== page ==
Horses may feel more pain than humans
Have you heard the news? A new study has found that horses have a thinner top layer of skin with more nerve endings and sensory fibers than humans. This finding leads scientists to believe horses may actually feel more pain than humans.
The study was done by Dr. Lydia Tong, a veterinary pathologist and forensics researcher at the request of Australian ABC show, Catalyst. The study was meant to determine skin thickness and pain sensation in horses versus humans. The Catalyst show focused on the use of whips in racing but the study paints a new picture regarding all horses.
When asked if something that would hurt a human would hurt a horse, Dr. Tong said we should assume it’s likely to be painful. Although Australian Racing Board chief executive Peter McGauran said with a straight face during the Catalyst interview that he does not believe a whip inflicts pain on a horse, I have to believe that most people didn’t need a study to tell them that being whipped is painful.
I will now predict the future and say without hesitation that it is simply a matter of time before more studies show that bridles, bits, saddles, spurs and the weight of the rider are also causing horses pain, maybe even more pain than a human would feel under similar circumstances. It seems useless to explore further questions on the topic until we can answer, “How much pain is acceptable to expect horses to experience to feed our human desire for speed, freedom and mastery?”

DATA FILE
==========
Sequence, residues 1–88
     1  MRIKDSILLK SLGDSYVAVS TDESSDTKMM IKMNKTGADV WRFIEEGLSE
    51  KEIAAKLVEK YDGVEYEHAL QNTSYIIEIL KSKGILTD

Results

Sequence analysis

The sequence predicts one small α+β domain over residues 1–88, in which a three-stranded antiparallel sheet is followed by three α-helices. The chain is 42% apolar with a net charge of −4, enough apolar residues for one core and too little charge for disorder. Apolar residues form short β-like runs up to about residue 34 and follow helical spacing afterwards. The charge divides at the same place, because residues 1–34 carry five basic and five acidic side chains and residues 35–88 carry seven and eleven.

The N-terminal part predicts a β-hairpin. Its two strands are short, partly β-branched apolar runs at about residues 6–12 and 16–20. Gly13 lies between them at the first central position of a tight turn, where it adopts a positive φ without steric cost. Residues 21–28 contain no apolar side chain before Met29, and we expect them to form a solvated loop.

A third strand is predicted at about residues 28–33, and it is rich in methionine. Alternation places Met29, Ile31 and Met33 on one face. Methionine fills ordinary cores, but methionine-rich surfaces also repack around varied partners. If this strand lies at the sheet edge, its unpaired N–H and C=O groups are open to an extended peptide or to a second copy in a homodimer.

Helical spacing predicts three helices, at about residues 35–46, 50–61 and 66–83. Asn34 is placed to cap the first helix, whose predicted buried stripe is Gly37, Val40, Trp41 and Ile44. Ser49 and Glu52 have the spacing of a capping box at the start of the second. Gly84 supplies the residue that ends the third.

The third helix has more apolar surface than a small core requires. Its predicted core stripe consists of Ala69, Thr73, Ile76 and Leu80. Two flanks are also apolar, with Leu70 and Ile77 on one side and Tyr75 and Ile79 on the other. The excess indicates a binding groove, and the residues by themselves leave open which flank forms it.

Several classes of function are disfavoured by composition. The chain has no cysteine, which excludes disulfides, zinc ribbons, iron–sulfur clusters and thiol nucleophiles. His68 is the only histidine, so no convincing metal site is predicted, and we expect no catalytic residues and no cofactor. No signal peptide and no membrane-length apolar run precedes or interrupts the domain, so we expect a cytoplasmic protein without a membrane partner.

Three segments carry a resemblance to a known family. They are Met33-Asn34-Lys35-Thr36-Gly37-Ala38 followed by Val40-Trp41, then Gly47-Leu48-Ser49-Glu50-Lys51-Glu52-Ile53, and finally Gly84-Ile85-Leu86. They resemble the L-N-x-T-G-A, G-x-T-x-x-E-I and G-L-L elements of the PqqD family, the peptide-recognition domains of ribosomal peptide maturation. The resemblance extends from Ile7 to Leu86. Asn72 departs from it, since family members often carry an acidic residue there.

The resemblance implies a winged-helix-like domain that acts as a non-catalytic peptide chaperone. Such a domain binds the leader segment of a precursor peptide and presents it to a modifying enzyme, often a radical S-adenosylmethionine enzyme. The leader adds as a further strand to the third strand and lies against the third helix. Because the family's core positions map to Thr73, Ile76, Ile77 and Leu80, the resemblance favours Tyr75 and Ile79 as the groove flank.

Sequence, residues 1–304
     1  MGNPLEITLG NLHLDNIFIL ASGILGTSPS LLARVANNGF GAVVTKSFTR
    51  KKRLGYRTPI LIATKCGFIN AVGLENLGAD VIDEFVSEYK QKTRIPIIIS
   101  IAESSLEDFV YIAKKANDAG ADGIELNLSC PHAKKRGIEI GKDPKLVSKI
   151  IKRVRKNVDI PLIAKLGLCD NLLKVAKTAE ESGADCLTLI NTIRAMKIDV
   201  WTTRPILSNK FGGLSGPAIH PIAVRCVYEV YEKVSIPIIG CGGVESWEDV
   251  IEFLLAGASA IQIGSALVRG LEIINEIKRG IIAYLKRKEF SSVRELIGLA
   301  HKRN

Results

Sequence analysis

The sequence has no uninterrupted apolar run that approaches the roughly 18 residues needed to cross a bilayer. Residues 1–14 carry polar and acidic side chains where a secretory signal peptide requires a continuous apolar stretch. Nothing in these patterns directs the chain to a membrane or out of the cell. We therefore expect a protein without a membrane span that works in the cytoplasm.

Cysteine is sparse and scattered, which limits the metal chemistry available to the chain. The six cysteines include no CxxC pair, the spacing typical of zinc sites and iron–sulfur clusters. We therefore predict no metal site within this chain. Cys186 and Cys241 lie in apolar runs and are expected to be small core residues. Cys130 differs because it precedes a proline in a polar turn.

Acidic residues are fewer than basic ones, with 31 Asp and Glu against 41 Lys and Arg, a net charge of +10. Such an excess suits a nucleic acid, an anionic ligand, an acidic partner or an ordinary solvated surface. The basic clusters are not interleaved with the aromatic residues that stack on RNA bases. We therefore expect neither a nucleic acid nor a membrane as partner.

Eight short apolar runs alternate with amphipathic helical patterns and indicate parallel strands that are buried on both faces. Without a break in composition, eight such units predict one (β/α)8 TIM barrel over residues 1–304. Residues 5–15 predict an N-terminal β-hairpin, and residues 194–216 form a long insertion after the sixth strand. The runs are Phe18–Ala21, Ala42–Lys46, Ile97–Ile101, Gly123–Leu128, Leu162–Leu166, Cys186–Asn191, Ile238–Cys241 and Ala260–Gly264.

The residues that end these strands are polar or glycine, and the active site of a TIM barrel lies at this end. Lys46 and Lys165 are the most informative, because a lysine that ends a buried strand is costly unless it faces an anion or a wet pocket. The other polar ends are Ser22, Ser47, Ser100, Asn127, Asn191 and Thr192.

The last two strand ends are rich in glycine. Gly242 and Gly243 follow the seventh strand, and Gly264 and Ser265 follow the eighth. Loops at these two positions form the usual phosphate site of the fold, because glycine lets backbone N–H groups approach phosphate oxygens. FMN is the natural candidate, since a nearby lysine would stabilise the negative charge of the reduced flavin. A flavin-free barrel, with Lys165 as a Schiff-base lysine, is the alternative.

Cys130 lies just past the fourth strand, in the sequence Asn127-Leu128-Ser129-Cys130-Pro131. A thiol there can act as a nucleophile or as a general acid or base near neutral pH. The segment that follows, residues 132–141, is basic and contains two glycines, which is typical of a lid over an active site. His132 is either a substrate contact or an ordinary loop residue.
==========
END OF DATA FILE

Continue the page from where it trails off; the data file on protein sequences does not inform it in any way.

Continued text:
The problem with asking this question is that everyone has a different answer. Some people believe horses should not be subjected to any pain for human pleasure and others believe we are entitled to do whatever we want to horses, for example in horse tripping and the consumption of horse meat. All riding and use of horses for work or entertainment falls somewhere between these two extremes.
As a culture, perhaps the fact that these studies are being done is evidence that many do want to move together with little steps towards a more humane future for horses. As more studies are published, people who make rules for horse sports will undoubtedly spend time weighing current public sentiment with the “tradition” of their sport and opinions of current trainers and competitors. They will likely make changes that will help their sport survive this awakening of humanity as long as possible. The next step I predict is we will learn how to consult with horses and other animals so we can make choices that allow us to live in balance on a clean and abundant earth, treating each other as we would like to be treated.
It might seem that one person’s opinion of what’s best for horses and humans won’t make much of a difference but I know it does. I am thankful to Margaret Mead for saying, “Never doubt that a small group of thoughtful, committed citizens can change the world; indeed, it’s the only thing that ever has.” I am also thankful to you who must care enough about horses and our world to be open to learning more and experiencing different perspectives. Let’s enjoy this ride!
Stormy May is the producer of the documentary “The Path of the Horse” and author of the book of the same name.